If the fine tuning circuitry is utilized with the above described dual conversion signal processing circuitry having noise cancellation, then the fine tuning circuitry can be coupled between the output of the second fixed local oscillator and the mixer included in the feedback loop for the first tunable local oscillator PLL. The fine tuning circuitry can be implemented by either the combination of a fine frequency synthesizer and a further mixer or by a further PLL, for instance.
A more complete understanding of the present invention may be derived by reference to the detailed description and claims which considered along with the accompanying drawings, in which like reference numbers indicate similar parts and wherein:
FIG. 1 is a block diagram of the one embodiment of frequency control circuitry in accordance with the present invention including fine tuning circuitry of one form; and
FIG. 2 is a block diagram of another implementation of the fine tuning circuitry.
Referring now to the drawings, FIG. 1 illustrates a frequency control system 10 which can be employed in frequency conversion and/or synthesizer applications involving high frequency receivers, transmitters, transceivers, or test equipment, for instance. System 10 is operable in a receive or "first mode" wherein input signals applied to terminal 11 are frequency converted into output signals applied to output terminal 13. Alternatively, system 10 is also operable in a transmit or "second mode" wherein input signals applied to terminal 13 are frequency converted into output signals applied to terminal 11.
In the aforementioned first mode of operation, input signals within a wide bandwidth of, for instance, between 0.4 MHz and 1000 MHz are applied to input terminal 11 by an antenna or other signal source. System 10 includes a low pass filter 12 connected between terminal 11 and terminal 16. Mixer 18, which provides a first Intermediate Frequency (IF) signal, includes a first input terminal 20 connected to output terminal 16 of low pass filter 12. A second input terminal 22 of mixer 18 is connected to output terminal 24 of PLL 26 which operates as a first local oscillator when system 10 functions as a frequency converter in the first mode of operation.
PLL 26 includes a reference oscillator 28, which may be a crystal oscillator, that provides a stable reference frequency at output terminal 30 thereof. Phase/frequency detector 32 includes a first input terminal 34, a second input terminal 36 and an output terminal 38. Output terminal 30 of oscillator 28 is coupled to input terminal 34 of detector 32. Loop filter 40 includes an input terminal 42 which is connected to output terminal 38 of phase detector 32. Voltage Controlled Oscillator (VCO) 44 has a control terminal 46 which is connected to output terminal 48 of loop filter 40. VCO 44 further has an output terminal 50 which is connected to output terminal 24 of PLL 26 and to input terminal 52 of loop mixer 54. Divide-by-M circuit 56 includes an input terminal 58 which is connected to output terminal 60 of mixer 54. Moreover, output terminal 62 of divide-by-M circuit 56 is connected to input terminal 36 of phase detector 32.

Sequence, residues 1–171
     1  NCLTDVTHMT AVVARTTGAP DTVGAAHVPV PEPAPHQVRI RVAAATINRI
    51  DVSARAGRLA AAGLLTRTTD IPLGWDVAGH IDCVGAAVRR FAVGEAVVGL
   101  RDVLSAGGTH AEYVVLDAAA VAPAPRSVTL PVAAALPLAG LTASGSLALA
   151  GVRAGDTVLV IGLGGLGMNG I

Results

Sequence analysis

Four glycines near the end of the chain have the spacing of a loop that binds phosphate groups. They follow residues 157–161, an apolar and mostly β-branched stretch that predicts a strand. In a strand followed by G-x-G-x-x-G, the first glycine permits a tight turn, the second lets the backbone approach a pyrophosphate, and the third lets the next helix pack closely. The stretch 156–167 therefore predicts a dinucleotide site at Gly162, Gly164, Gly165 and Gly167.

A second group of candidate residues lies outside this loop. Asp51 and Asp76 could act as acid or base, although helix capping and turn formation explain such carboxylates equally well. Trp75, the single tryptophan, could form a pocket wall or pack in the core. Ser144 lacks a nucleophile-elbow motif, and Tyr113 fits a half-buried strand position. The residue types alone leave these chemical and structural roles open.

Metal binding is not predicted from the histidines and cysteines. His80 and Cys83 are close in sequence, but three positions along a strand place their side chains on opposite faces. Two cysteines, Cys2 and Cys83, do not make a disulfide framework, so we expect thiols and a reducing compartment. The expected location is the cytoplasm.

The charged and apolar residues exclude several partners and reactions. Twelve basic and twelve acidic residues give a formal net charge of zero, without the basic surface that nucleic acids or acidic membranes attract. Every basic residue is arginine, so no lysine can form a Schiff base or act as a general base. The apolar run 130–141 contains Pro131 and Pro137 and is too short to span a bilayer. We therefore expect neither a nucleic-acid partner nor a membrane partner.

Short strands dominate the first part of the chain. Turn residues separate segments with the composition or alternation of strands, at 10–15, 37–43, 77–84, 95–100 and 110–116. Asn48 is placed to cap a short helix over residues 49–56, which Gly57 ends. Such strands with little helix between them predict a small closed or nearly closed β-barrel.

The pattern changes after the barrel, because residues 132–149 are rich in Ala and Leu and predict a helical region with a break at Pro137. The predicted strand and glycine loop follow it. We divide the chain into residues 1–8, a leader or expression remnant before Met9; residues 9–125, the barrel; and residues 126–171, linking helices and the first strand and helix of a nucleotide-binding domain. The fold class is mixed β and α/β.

Assuming that no other signals are applied to the feedback loop through mixer 54, the frequency of the output signal of VCO 44 and thus of PLL 26 is equal to M multiplied by the reference frequency of oscillator 28. Hence, the output frequency is changed by changing "M" of the divide-by-M circuit by applying control signals to control terminal 63 thereof. By incrementing M, the output frequency at terminal 22 is moved in steps spaced apart by at least the reference frequency. M can be changed over an arbitrary range, for instance, divide-by-M circuit 56 can be designed such that M is continuously changeable from 21 to 121, for example.
For optimum system performance, it is desirable for reference oscillator 28 to operate at a high frequency. One reason this for this is that relatively higher reference frequencies require smaller values of M to obtain a particular output frequency at terminal 24. M can be thought of as a multiplier of loop noise so it is desirable for M to have as low a magnitude as possible so that the noise does not get multiplied anymore than necessary. Furthermore, the maximum loop bandwidth is a predetermined fraction of the reference frequency. Thus, if the reference frequency is higher, then the maximum loop bandwidth can be higher. The greater the loop bandwidth, the greater the loop gain at a given frequency near the upper limit of the bandwidth because of the decreased attenuation provided by higher gain loops as frequency increases. High gain is also desirable to enable PLL 26 loop to compensate for frequency jitter in VCO 44 or other forms of noise within the loop. Additionally, higher gain enables PLL 26 to lock more quickly at the desired frequency when M is changed. Thus, there are many advantages from oscillator 28 providing a reference frequency of a relatively high magnitude.
However, as loop bandwidth is increased, the effects of noise created by reference oscillator 28 and of the flat noise of the loop itself tends to increase. Hence, for optimum conditions, the loop bandwidth is generally increased until the level of the flat noise is made approximately equal to the level of the noise created by VCO 44.